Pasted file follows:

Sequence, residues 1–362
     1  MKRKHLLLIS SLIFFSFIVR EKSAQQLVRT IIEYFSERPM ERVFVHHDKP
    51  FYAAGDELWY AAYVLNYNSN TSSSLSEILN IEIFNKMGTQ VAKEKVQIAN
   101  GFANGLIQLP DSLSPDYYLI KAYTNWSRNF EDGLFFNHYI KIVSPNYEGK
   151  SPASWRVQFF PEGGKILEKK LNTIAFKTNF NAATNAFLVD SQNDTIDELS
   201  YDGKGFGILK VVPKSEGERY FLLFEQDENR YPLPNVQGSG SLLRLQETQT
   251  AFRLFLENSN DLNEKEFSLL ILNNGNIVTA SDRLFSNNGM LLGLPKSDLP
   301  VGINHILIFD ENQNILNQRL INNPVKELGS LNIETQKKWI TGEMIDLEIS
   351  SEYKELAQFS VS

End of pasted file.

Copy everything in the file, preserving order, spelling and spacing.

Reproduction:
Sequence, residues 1–362
     1  MKRKHLLLIS SLIFFSFIVR EKSAQQLVRT IIEYFSERPM ERVFVHHDKP
    51  FYAAGDELWY AAYVLNYNSN TSSSLSEILN IEIFNKMGTQ VAKEKVQIAN
   101  GFANGLIQLP DSLSPDYYLI KAYTNWSRNF EDGLFFNHYI KIVSPNYEGK
   151  SPASWRVQFF PEGGKILEKK LNTIAFKTNF NAATNAFLVD SQNDTIDELS
   201  YDGKGFGILK VVPKSEGERY FLLFEQDENR YPLPNVQGSG SLLRLQETQT
   251  AFRLFLENSN DLNEKEFSLL ILNNGNIVTA SDRLFSNNGM LLGLPKSDLP
   301  VGINHILIFD ENQNILNQRL INNPVKELGS LNIETQKKWI TGEMIDLEIS
   351  SEYKELAQFS VS